An interview with the prodigy Music: A reporter 'talks' to Clara Schumann, the 19th-century pianist. Beverly Serra-Brooks will play Clara, and some of her repertoire, at Shriver Hall today.

November 02, 1997|By Judith Green | Judith Green,SPECIAL TO THE SUN

Ladies and gentlemen, the celebrated pianist Clara Schumann will now take questions from the press.

Reporter: Madame Schumann, it has been more than a century since your last recital. Why are you now again on tour?

Clara Schumann: Oh, it has been longer than that! I stopped performing in 1890. I was 71, and I was going deaf, you know. Anyway, it is not I on tour, but a clever pianist named Beverly Serra-Brooks. She dresses as me, plays my music and talks about my life.

Reporter: Tell us about her.

Schumann: She is a beautiful woman of 40 who lives in Pasadena -- the one in California -- with her husband, the composer Lee Brooks. He wrote the script for this concert. She has music degrees from California Institute of the Arts and California State University, Northridge.

Her teachers have included Jorg Demus, an Austrian who specializes in Mozart, and Reginald Stewart, who I think will be familiar here in Baltimore. He was the former director of the Peabody Conservatory of Music and conductor of the Baltimore Symphony Orchestra.

Reporter: How did she develop this program?

Schumann: As a performer on community concert series, she began to talk to the audience about the pieces she was going to play. So she suggested to Columbia Artists Management International, her presenter, that she was thinking of making a theater piece about Clara and Robert Schumann. They called her back a day later and said they already had bookings, and when could she start?

Reporter: What interested her about you?

Schumann: This is a good time for women musicians. We are being rediscovered. For years, no one knew that Fanny Mendelssohn, my dear friend, was a composer just like her brother, Felix, or that Nannerl Mozart was as gifted a performer as her brother, Wolfgang. I myself was married to Robert Schumann, the greatest composer who ever lived, but he was known as "Clara Schumann's husband" in our day, for my playing was far better known than his compositions.

Ms. Serra-Brooks understands this very well. Her husband is a composer, and she is a pianist. "We live like Clara and Robert Schumann lived," she says, "except he's not crazy."

Reporter: You introduced most of Robert's pieces, didn't you?

Schumann: Yes, and several I will play -- or rather, Ms. Serra-Brooks will play -- on this program. She will perform the "Symphonic Etudes." Sometimes she plays the great "Fantasy," but I have mixed feelings about that.

Reporter: Why?

Schumann: Robert dedicated it to Liszt, and I regard Liszt as nothing but a showoff.

When I edited my husband's complete works, I scratched out the dedication. Liszt has the decline of piano playing on his conscience.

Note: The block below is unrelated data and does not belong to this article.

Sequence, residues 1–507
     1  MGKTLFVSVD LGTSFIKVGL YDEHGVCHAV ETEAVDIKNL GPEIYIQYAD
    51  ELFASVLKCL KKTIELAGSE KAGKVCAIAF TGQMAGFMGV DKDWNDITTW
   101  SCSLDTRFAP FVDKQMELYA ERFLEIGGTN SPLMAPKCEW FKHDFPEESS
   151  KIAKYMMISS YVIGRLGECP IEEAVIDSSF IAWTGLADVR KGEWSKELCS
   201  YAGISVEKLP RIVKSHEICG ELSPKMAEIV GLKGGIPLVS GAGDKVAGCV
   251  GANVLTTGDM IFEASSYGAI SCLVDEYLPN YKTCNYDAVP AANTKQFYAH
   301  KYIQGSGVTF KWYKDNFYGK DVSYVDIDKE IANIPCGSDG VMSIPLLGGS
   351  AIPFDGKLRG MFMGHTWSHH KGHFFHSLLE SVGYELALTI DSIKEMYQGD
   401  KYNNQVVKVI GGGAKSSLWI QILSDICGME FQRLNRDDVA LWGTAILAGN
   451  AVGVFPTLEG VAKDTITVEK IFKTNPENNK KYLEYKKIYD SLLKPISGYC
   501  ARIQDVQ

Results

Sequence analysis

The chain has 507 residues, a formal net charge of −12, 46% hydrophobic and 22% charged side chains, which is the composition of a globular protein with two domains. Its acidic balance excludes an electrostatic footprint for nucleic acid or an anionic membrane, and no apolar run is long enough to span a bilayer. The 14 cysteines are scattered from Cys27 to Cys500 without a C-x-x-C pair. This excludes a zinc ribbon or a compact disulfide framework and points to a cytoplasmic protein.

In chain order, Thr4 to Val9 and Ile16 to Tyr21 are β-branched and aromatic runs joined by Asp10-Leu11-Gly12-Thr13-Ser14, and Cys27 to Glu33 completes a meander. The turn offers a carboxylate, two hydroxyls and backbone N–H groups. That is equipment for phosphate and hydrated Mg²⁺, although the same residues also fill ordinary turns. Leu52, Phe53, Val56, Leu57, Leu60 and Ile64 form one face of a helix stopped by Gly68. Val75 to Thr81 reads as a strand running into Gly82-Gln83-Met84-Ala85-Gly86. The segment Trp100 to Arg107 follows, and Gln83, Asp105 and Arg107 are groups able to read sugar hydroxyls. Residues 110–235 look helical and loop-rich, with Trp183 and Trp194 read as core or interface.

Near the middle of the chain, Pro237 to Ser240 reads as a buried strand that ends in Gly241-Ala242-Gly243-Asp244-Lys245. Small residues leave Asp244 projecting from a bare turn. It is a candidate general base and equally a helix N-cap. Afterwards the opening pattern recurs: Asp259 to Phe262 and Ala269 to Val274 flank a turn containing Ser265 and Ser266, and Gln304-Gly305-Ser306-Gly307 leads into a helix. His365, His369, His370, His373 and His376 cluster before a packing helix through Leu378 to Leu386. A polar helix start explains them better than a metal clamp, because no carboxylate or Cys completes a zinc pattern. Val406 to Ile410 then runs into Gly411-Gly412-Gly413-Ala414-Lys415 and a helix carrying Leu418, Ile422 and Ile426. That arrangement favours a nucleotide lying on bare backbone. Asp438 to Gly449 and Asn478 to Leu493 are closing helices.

Reporter: He is credited with being the first pianist to play from memory.

Schumann: This is untrue. I was the first. Some people called this -- I think you would now say -- a "gimmick," and pianists who could not memorize their music referred to me as "insufferable." But it meant nothing to me. I will admit, though, as I got older and my memory became unreliable, I was not ashamed to use the music -- especially when I performed piano concertos. It wouldn't do to lose one's way with the whole orchestra there.

Reporter: You were known for playing the great repertory -- Beethoven and Bach -- at a time when most concertizing pianists played their own music, to show off their technique.

Schumann: This is true. After Mendelssohn, that's Felix, introduced the idea of playing Bach in public, I tried to include Bach on all my recitals. Ms. Serra-Brooks will play the "Chromatic Fantasy" in recognition of this.

Reporter: You were a child prodigy, I understand.

Schumann: I did not learn to speak until I was 4! But I started to play the piano at 5, and my father, Friedrich Wieck, realized my talent. He put me on a strict practice schedule of two hours a day, and I began to play concertos in public at 8. But my father never allowed me to read. My life was all music, music, music.

Reporter: Your husband, Robert, came to study with him.

Schumann: Yes. I was only 9 at the time, and he thought of me as a little sister. But poor Robert ruined his hand with a contraption that was supposed to strengthen his fourth finger. Instead, it tore the tendon, and that was the end of his concert career. But he really wanted to compose, so perhaps it was all for the best.

Reporter: When did you marry?

Schumann: In 1840. I was 21. My father objected violently. He even took us to court! But in the end, we won.

Reporter: You had children?

Schumann: Seven children! Marie, Elise, Julie, Emil, who died when he was 14 months old, Ludwig, Eugenie, Ferdinand and Felix. Ms. Serra-Brooks will play on her program some of the music for young players that Robert wrote for them: pieces from the "Album for the Young" and the "Kinderszenen" ("Scenes of Childhood").

Reporter: Did any of them become musicians?

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